Another perspective on the evaluation of the software is provided by the information presented in the last section of Table 3. The software recommended by accounting firms scored the best, with a relatively high proportion of respondents indicating that they found little to complain about the software recommended to them; these proportions are even higher than those for respondents who did their own research. This is another indication of the usefulness of accounting firms' advice to their clients.
Overall, the survey results suggest that small businesses are moving comfortably into an expanded computer base. Many value the recommendations of their accounting firms in choosing accounting software and indicate very high levels of satisfaction with the software thus chosen. Such recommendations appear to be an efficient and effective way for small businesses to select accounting software, as well as a good alternative to the time-consuming research of software.
The only word of caution for small businesses is that their dependence on such recommendations, although well-placed, should not be a substitute for familiarizing themselves with the software, as they would have if they had done their own research. Given the rapid advances in computer technology and the decreasing costs of both hardware and software, small firms would find it beneficial to keep track of relevant developments in the field, and make the best use of the improvements that technology can offer to make their systems both effective and cost efficient.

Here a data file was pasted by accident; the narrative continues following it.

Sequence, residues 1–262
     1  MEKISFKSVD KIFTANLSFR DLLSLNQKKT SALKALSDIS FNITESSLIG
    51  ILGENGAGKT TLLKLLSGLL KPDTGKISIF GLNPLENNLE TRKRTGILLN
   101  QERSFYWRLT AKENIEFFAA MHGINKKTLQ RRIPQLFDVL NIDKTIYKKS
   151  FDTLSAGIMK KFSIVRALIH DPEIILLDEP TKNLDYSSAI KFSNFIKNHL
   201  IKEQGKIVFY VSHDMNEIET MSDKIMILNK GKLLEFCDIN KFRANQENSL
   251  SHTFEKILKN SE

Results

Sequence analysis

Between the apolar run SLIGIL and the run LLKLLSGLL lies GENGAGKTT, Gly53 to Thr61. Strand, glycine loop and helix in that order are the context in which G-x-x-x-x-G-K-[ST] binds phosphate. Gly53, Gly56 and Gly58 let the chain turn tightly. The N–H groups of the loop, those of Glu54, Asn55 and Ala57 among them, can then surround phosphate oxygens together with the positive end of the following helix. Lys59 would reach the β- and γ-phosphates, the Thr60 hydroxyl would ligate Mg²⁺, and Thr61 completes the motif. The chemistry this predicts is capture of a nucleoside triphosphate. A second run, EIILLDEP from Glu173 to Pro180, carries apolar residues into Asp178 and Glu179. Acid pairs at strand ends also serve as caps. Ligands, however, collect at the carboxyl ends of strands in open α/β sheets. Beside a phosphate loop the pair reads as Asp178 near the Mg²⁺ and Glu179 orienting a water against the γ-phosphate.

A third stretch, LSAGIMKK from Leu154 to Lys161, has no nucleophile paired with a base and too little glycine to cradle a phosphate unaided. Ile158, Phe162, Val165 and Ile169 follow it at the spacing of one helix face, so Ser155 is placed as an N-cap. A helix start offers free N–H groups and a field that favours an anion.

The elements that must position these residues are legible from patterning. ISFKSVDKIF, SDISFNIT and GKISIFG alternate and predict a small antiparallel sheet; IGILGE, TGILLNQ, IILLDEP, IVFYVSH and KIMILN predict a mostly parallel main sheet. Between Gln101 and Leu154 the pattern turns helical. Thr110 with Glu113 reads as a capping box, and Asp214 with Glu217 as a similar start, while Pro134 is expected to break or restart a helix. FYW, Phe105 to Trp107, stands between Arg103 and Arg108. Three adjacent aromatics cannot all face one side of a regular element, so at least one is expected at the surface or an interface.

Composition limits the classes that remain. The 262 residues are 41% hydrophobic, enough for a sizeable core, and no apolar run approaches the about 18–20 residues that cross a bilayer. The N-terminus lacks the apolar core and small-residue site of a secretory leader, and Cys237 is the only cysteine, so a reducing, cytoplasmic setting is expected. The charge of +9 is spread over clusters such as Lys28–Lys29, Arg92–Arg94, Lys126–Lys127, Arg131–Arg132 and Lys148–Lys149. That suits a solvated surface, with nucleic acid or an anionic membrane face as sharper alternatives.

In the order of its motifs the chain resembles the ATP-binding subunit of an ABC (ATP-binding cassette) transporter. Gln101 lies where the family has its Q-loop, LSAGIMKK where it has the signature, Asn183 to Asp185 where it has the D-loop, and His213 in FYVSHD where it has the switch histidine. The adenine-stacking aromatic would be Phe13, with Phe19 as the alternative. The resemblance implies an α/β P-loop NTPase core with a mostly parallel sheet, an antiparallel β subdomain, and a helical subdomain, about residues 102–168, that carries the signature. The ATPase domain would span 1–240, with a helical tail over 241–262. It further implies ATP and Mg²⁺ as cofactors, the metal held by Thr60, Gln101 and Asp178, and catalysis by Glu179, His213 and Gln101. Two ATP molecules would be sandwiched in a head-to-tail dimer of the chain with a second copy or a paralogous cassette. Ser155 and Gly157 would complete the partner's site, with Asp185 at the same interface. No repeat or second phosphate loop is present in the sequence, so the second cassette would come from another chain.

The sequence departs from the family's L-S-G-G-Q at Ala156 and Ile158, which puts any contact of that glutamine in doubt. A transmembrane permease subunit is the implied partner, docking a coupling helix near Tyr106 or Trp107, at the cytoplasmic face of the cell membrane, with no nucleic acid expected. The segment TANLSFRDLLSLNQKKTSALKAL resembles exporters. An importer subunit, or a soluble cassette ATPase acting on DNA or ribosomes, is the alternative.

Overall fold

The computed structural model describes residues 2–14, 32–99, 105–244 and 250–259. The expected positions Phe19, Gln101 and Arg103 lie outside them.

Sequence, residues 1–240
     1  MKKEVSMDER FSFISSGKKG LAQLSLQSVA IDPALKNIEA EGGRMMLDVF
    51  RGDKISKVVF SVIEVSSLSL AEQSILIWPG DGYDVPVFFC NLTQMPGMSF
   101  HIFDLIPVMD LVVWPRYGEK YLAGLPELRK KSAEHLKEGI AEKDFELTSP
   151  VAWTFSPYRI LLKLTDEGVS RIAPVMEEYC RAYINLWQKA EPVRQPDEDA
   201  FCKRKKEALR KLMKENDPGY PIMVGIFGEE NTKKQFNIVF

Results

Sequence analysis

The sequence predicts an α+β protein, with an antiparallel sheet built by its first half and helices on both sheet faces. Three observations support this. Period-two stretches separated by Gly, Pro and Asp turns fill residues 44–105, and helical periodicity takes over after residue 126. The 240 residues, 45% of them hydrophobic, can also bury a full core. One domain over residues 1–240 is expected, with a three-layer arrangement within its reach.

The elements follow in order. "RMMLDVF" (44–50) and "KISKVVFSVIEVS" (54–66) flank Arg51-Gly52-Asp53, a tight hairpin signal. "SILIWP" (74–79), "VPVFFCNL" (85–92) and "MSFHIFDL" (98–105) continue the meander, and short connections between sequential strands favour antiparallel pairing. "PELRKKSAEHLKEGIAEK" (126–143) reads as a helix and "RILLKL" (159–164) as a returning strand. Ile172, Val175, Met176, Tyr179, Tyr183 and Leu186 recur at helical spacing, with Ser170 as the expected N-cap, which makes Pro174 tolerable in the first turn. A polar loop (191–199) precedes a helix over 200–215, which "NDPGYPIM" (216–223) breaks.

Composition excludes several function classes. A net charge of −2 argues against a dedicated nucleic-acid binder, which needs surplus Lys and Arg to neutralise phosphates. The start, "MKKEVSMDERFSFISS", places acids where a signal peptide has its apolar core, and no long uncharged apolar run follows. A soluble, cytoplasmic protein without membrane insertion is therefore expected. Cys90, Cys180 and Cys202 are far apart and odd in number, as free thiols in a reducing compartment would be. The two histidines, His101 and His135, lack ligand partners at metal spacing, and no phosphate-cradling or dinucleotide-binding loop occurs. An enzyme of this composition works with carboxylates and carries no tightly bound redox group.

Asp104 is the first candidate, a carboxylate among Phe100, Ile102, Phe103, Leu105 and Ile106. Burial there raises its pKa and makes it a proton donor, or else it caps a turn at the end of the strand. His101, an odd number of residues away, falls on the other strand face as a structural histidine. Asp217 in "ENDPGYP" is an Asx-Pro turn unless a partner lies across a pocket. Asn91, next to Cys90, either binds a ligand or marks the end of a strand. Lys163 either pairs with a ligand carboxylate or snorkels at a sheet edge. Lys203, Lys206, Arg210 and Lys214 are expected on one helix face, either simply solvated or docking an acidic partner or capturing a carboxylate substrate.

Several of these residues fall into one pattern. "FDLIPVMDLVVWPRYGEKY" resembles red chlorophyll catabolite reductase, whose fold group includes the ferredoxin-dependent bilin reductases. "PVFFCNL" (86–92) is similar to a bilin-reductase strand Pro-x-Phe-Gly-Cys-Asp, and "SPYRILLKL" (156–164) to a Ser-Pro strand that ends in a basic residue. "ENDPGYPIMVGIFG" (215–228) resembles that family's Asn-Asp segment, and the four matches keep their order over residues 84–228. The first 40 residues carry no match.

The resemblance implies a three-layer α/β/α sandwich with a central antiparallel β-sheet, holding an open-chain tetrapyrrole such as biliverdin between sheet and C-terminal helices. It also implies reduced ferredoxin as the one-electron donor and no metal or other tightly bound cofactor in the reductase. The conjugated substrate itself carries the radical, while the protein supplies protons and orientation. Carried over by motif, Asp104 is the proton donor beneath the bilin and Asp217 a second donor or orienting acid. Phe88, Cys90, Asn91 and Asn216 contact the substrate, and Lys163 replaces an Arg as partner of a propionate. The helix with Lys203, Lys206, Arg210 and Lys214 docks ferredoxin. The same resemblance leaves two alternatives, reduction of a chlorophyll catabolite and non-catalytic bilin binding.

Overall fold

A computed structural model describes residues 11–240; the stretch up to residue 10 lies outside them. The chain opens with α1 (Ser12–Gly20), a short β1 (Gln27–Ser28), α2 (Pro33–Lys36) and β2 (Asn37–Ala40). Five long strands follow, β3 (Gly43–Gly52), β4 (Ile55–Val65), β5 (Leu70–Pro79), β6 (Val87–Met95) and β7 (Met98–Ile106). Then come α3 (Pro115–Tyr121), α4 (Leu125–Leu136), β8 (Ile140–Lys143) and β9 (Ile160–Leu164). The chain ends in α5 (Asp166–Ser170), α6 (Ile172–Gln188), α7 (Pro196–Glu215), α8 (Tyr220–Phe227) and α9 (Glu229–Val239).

The survey data also suggest that small businesses would appreciate more hands-on training in the use of accounting software. Given the increasing trend toward computerization by small businesses, software selection advice and training are areas in which accounting firms might find it worthwhile to initiate or expand their services to small business clients. Computerized client accounting systems and better-trained client personnel would mean better accounting records and would help facilitate the accounting firm's work, whether it be accounting or auditing-related.
(1) From "Microcomputer Consulting for Accountants," The, Ohio CPA Journal, (Spring 1990) pp.34-36. This article is based on an interview by Mitch Paioff with the national director of entrepreneurial consulting for Ernst & Young.
Bhanu Raghunathan is a professor of accounting in the College of Business Administration at the University of Toledo, Ohio.
Suzanne L. Wobser operates her own business, Progressive Accounting Services, Inc., in Sylvania, Ohio. She received a master of science in accounting from the University of Toledo.…
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Publication information: Article title: Accounting Software Selection by Small Business Organizations. Contributors: Raghunathan, Bhaun - Author, Wobser, Suzanne L. - Author. Magazine title: The National Public Accountant. Volume: 40. Issue: 9 Publication date: September 1995. Page number: 20+. © 1999 National Society of Public Accountants. COPYRIGHT 1995 Gale Group.